There’s the problem. Two decades ago it was the Mac. Apple and the Mac were synonymous. Then along came the iPod, something of a personal utility for music, then photos. But the Mac reigned supreme until 2007 when Apple launched the iPhone and personal computing habits changed forever. That’s what Apple does. Change.
iPad Pro vs. MacBook
Few would argue the value of the Mac to Apple’s history, but it’s the future that is coming, and that means mobile devices. Already, about 70-percent of all Macs sold are Mac notebooks. Apple is more synonymous with iPhone than Mac. Apple’s iPad, languishing somewhat and for a variety of reasons I’ll outline below, sells in numbers far greater than the Mac.
Here we are in 2016 and Apple’s customers don’t just own Macs. Most of the company’s customers own iPhones, then iPad, then the Mac. Many of us own all three and there’s a certain amount of management overhead with so many devices that needs to be considered. It’s one thing to worry about updating apps and OS X on a Mac, but add an iPhone, an iPad, a Watch, even an Apple TV in to the mix and overhead soars.
What can we do to reduce some of the technology management issues with so many devices under our personal care?
Out With The Mac
Don’t misunderstand my intent or the premise. I’m not advocating that Mac users ditch their hot and heavy and beloved aluminum clad devices for an iPad Pro, but the case for switching can be made.
Price – This is closer to apples to Apple than you think. A fully tricked out 12.9-inch iPad Pro with keyboard is similar to a MacBook in many ways. iPad Pro is slightly lighter, even with keyboard. iPad Pro is priced at $1,229 at the high end, more with the keyboard, while a MacBook starts at $1,299 with keyboard and more RAM.
Power User – The Mac wins hands down, no contest. For power users. The Mac can run OS X, Windows, and various flavors of Linux and Unix. All at the same time if you want. That’s power. Mac apps tend to be of the weighty kind. Steve Jobs would call the Mac a truck, a relic of agrarian societies of the past, while everything else– iPad and iPhone– are modern forms of transportation.
Utilitarian – Again, the Mac can do more than mobile devices, but only in the power user end of the user spectrum. True utility comes with usage and that’s a slightly different issue.
Usability – Allow me to argue that an iPad Pro– either model– is a more usable device than a Mac for the vast majority of people who suffer with desktop PCs or notebooks. iPad is easier to use, probably as fast and powerful, has more utility for all but the power PC user, and has far more applications available, which, if you think about it, is why we buy a computer in the first place. To do things with apps.
Hardware – Apple ended the megahertz wars way back in the day. These days, nobody cares as much about RAM or CPU speed or GPU capability, and, to a certain extent, even storage (witness that Apple still sells iPhones and iPads with 16GB of storage; for many that’s sufficient). Likewise, Apple ended the megapixel wars with iPhone, proving that quality photos don’t require more megapixels in the camera sensor. Today, hardware specifications are mostly an afterthought, thanks to Apple.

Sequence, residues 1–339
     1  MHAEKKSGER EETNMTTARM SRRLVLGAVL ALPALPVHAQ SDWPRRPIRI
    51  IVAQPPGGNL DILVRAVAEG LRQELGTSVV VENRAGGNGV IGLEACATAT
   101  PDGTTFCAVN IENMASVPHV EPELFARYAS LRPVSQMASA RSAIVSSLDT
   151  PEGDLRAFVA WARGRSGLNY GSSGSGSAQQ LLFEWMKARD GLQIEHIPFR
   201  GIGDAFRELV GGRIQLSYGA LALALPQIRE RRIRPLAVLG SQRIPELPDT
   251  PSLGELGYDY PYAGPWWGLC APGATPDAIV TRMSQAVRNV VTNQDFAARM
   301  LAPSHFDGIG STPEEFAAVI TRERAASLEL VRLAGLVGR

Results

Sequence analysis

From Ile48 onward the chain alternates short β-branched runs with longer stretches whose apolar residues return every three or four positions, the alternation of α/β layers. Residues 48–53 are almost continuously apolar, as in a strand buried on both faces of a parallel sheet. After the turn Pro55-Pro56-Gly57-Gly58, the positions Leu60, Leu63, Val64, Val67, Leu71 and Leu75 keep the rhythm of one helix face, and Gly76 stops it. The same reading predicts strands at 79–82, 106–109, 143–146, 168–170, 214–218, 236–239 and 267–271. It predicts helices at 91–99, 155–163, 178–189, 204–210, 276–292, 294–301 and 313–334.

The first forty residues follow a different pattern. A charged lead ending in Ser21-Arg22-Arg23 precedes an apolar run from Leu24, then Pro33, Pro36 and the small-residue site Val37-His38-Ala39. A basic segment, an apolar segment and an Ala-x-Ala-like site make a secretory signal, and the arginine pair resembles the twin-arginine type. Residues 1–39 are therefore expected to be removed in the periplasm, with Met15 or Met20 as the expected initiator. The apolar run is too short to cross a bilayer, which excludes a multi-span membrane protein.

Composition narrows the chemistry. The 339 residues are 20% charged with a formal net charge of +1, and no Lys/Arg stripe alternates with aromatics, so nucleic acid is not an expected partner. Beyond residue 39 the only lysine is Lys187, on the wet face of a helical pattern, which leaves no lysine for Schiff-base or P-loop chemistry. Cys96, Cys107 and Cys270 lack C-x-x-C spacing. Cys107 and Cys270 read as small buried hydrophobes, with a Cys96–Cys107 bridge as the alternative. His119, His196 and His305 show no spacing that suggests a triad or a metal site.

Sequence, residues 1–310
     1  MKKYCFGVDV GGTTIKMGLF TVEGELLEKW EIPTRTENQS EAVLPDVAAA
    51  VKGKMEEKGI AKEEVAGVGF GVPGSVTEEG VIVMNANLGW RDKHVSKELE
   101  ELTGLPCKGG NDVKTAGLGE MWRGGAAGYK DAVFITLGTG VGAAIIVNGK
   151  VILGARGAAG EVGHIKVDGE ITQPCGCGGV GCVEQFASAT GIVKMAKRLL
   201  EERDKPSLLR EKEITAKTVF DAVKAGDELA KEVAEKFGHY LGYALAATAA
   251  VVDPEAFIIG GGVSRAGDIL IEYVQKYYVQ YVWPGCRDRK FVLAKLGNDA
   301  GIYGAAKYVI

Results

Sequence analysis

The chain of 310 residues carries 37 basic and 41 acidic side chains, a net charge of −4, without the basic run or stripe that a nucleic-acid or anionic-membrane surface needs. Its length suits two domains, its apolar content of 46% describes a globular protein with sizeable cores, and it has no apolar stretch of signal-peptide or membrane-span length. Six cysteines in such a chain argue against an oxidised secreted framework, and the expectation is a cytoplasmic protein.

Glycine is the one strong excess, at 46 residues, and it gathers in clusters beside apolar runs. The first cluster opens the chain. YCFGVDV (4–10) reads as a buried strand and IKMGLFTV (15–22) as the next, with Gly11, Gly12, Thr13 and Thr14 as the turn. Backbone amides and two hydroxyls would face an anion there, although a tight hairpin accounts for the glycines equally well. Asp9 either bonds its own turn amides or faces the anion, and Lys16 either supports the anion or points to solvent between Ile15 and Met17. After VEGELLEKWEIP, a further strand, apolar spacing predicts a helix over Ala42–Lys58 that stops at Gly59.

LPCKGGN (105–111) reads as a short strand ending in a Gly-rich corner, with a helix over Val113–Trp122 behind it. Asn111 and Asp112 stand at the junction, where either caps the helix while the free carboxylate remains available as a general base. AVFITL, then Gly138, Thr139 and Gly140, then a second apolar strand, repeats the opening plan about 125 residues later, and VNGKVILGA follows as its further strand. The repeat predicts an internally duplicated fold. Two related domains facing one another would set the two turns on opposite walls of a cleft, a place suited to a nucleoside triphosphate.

The Real Question
Way back in the day, back before personal computers were all the rage, any business owner or executive that even looked at mini or micro computer was asked the same question, “What do you want it to do?” In other words, what’s the use case? We don’t ask that question as often because today’s Mac, iPhone, iPad, and Watch (plus their Android and Windows counterparts) do so much, yet it’s a question Mac users, especially the new ones, should consider.
Do you need a MacBook? Or, an iPad Pro? One is a pickup truck. The other is a small, luxurious car. Both get you there, but one is easier to use, more mobile, and arguably does more thanks to half a million applications; yet both can be considered modern computing devices. Do most of us need both?
The iPad Pro comes in two sizes these days. 12.9-inch and 9.7-inch. Multiple colors. Multiple storage capacities. Both models are especially portable with built-in built-in Wi-Fi and the cellular option which isn’t available on a Mac.
The question, ‘Do you need a MacBook?’ vs. ‘Or, an iPad Pro’ has an answer that is blurring as Apple bulks up the iPad and slims down the MacBook line. Those of us who demand maximum flexibility have both. Those of us who demand portability and ease of use may lean toward an iPad Pro. Those who need maximum power, of course, go for what’s behind door 1999.
What I Really Want
You know what I really, truly, madly, deeply want? A MacPad. That’s right. A Mac with OS X, a detachable keyboard, and iOS that runs either full screen in dual boot, or as an option in a window of OS X (similar to how Parallels runs Windows on a Mac). I want one, fast, portable, flexible device that does it all, but in a slim, thing, almost weightless package.
That’s a MacPad.
Apple changes and continues to change personal computing in a way that other technology makers have not. The holy grail is an Apple device that does everything. Alas, that’s not likely to happen because Apple wants me to own one of everything.